Sony's CEO, Kazuo Hirai, said he would let Microsoft "make the first move" when it came to releasing a next-generation game console, according to IGN's Daniel Krupa. But now the official PlayStation blog is teasing viewers with a video entitled "See the Future," with the #PlayStation2013 Twitter hashtag.
Whatever the future is, it's apparently got something to do with Feb. 20, the date mentioned in the video. But when it gets here, what will it be like?
PlayStation2013 probably isn't the actual name
Previous rumors have suggested the next PlayStation console won't be called the PlayStation 4, because the number 4 is associated with death in Japanese culture. If Sony's willing to break with its numbering scheme because of tradition, it may be unlikely to tag the actual new PlayStation console itself with the number 13, which is regarded as unlucky in the United States.
Much more powerful hardware
This one's a given. Unlike in the PC and tablet gaming world, where hardware is regularly updated and improvements tend to be incremental, video game consoles tend to wait years to update before leaping ahead -- if you don't count the two smaller redesigns the PS3 has had over the years while keeping the same performance, anyway, or the introduction of the PlayStation Move controller.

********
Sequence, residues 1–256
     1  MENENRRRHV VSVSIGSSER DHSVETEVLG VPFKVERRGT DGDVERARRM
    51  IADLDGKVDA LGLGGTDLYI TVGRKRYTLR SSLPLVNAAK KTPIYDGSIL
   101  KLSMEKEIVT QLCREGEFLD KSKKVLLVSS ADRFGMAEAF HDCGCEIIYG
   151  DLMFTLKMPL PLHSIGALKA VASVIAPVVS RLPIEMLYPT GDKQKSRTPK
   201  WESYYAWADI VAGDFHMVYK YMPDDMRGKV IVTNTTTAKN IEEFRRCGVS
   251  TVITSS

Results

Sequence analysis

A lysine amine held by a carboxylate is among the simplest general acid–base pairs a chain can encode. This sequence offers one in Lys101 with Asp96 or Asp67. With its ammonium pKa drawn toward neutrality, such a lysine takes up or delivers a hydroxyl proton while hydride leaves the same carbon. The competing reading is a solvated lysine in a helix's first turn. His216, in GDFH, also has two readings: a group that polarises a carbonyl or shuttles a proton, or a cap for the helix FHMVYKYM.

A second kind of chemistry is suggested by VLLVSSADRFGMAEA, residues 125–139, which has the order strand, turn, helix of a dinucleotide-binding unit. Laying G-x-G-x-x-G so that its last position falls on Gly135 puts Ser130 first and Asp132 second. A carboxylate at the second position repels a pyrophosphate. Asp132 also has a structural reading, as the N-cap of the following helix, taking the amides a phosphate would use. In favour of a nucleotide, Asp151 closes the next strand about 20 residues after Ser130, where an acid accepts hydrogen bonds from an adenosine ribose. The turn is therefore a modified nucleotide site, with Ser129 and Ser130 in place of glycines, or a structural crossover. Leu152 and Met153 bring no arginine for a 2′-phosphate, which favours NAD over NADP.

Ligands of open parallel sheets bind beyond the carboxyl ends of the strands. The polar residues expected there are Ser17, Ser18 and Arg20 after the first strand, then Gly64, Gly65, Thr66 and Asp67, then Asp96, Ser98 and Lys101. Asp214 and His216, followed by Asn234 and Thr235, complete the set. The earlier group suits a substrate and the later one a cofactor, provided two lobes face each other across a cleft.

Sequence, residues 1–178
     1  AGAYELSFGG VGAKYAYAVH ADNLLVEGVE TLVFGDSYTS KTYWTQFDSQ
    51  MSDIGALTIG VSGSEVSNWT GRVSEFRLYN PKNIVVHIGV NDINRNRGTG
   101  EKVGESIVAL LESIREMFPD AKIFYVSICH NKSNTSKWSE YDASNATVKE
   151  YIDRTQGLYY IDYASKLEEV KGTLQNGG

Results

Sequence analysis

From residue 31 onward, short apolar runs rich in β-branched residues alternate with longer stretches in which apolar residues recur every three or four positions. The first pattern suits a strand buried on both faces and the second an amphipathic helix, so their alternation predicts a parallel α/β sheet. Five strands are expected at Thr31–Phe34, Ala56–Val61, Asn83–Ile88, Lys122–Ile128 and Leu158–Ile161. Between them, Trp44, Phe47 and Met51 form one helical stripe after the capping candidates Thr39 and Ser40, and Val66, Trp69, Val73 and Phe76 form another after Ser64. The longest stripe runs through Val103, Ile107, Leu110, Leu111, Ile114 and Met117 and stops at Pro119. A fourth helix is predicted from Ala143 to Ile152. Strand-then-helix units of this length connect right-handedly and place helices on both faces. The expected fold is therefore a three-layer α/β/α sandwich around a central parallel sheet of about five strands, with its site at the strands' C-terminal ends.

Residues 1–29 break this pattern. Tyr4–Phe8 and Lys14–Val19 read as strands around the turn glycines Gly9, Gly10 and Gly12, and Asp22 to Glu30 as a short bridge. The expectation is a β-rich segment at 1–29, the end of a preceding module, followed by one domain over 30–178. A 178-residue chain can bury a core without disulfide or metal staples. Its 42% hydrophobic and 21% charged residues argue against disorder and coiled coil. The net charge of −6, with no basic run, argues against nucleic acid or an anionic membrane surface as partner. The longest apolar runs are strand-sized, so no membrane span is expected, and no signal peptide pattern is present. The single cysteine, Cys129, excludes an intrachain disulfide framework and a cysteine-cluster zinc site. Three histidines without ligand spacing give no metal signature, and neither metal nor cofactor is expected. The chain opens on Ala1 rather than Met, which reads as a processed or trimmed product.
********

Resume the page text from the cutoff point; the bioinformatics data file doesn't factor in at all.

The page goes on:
The PlayStation 3's big performance draw was its ability to play games on an HDTV, with an upgrade to graphics realism to match. A report by Kotaku's Luke Plunkett last year suggests that the new PlayStation console may be able to play 3D games (on a 3D HDTV, that is) in 1080p resolution, or regular games in 4096x2160. The latter would basically require a TV as sharp as Apple's Retina Display.
Far fewer games?
The same report, however, suggests that -- as Sony eventually did with the PlayStation 3 -- the "PlayStation 4" may not be able to play any games from the previous generation of consoles.
The PlayStation 3 debuted with the ability to run PlayStation 2 games, but this required it to have both of the PS2's processor chips inside it. This console-within-a-console design helped push the PS3's launch price up to $599, and Sony soon dropped one of the chips before abandoning them completely. Today's PlayStation 3 consoles can only play the handful of PS2 games that have been re-released digitally (and are bought separately) on the PlayStation Network.
No place like Home
If the new PlayStation console can't run PS3 games, that may mean the end of PlayStation Home, Sony's virtual world and social gaming platform in the style of Second Life (but with Facebook-style games). IGN's Andrew Goldfarb notes that Sony recently filed a trademark on "BigFest," however, which it describes as an "online player networking" service in similar terms as PlayStation Home.
Jared Spurbeck is an open-source software enthusiast, who uses an Android phone and an Ubuntu laptop PC. He has been writing about technology and electronics since 2008.